Typhoon Noru tore roofs from homes and caused power outages across central Vietnam Wednesday, with hundreds of thousands of people taking refuge, after the storm claimed at least 10 lives in the Philippines.
In Danang, Vietnam's third-largest city, high-rise buildings shook as the typhoon made landfall in the early hours of Wednesday, bringing winds of up to around 120 kilometres (75 miles) per hour, according to the national forecaster.
More than 300,000 people in Vietnam hunkered down in shelters overnight after experts predicted the storm would be one of the biggest to ever hit the country.
By Wednesday evening, it weakened to a tropical storm as it crossed into southern Laos, but forecasters in Vietnam warned of landslides and serious flooding in the typhoon's wake.
The defence ministry has mobilised around 40,000 soldiers and 200,000 militia members, equipped with armoured vehicles and boats in preparation for rescue and relief operations, state media said.
In the tourist city of Hoi An, the Hoai River was close to bursting its banks, while the ground was littered with metal roof sheeting and fallen trees that had damaged cars and blocked roads.
Several streets in the old town were under water.
"The typhoon was terrible last night. I could not sleep as the wind was so strong and loud," resident Nguyen Thi Hien told AFP.
Around 300 houses in the coastal province of Quang Tri had their roofs blown off on Tuesday as the wind began picking up speed.
"I heard the sound of fallen trees and signboards outside. I was scared. But we were prepared so luckily the losses were not that bad."
Residents rushed to clean up the debris early on Wednesday, with some shops already open and tourists walking the streets, taking pictures of the floodwater.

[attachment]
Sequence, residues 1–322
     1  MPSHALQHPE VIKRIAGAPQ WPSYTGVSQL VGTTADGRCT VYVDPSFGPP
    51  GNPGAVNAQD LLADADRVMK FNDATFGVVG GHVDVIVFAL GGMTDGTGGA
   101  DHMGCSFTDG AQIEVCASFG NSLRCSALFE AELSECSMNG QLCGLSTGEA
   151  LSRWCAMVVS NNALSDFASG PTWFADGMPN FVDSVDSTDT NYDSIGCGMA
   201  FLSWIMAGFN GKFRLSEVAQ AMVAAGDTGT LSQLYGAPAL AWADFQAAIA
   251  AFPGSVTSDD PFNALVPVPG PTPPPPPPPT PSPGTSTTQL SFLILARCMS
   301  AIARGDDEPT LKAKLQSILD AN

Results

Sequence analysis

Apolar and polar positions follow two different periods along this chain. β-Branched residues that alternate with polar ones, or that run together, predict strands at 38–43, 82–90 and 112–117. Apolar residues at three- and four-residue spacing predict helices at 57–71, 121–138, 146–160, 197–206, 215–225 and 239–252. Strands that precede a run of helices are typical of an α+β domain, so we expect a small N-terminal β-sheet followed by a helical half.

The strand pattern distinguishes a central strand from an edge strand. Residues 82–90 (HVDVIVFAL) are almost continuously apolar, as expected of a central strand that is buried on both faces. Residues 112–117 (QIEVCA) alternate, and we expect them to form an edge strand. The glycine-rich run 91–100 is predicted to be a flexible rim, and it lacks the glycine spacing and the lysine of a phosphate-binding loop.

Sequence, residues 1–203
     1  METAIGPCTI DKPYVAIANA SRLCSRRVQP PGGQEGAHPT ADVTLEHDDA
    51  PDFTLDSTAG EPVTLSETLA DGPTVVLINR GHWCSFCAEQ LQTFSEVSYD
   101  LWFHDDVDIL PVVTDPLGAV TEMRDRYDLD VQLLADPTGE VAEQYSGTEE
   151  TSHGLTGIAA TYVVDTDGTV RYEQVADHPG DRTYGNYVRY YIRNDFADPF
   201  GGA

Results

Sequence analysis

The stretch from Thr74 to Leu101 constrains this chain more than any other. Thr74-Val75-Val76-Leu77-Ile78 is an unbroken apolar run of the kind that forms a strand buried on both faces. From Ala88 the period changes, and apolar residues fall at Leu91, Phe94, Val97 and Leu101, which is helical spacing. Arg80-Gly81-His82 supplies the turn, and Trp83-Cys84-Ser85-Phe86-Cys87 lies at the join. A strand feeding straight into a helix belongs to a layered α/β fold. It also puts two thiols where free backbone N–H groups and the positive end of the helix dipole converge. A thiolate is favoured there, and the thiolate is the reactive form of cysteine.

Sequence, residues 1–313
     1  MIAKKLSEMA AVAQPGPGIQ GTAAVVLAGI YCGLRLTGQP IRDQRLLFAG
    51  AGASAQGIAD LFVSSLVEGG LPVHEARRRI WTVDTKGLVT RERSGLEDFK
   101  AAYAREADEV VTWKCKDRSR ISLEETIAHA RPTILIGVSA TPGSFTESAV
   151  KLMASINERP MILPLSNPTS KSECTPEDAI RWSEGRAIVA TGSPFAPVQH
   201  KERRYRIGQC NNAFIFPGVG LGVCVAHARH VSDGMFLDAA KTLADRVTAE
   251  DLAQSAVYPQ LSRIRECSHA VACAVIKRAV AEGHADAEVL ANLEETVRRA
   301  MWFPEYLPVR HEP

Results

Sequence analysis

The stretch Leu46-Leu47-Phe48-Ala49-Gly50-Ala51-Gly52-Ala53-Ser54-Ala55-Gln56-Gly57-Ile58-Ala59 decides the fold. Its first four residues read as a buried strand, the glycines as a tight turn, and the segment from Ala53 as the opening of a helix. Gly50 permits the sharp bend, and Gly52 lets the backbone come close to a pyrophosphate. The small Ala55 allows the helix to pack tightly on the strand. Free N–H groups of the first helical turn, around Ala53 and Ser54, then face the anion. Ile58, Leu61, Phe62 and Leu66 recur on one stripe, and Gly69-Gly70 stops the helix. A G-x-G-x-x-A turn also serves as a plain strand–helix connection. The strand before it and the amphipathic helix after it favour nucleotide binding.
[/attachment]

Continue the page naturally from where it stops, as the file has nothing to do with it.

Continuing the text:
Reshma D'Souza, from India, spent a frightening night in her hotel room. At around 1 am, she said, she saw that the "wall was vibrating".
"(It was) shaking, so I was just praying and I was so scared."
Airports and offices across central provinces began to reopen on Wednesday afternoon.
But key sections of the highway linking Hanoi in the north with commercial hub Ho Chi Minh City in the south remained closed due to landslides and floods, according to state media.
Deaths in Philippines
Noru hit Vietnam after slamming into the Philippines earlier this week as a super typhoon with winds of up to 195 kph, leaving 10 dead and eight missing, the civil defence office said.
In Laos, authorities ordered a close watch on dams and urged people to seek shelter for themselves and for livestock.
Noru is then expected to move over Thailand's northeastern Ubon Ratchathani province on Thursday, gradually weakening into a tropical depression.
Thai authorities warned of heavy rain and possible flash flooding, saying people living in high-risk areas should prepare to evacuate their homes.
In Cambodia, officials warned residents in low-lying areas already hit by heavy rains in recent days to be alert to the danger of flash floods.
Vietnam is frequently lashed by heavy storms in the rainy season between June and November, with central coastal provinces the worst affected.
Scientists have warned the storms are becoming more powerful as the world gets warmer because of climate change.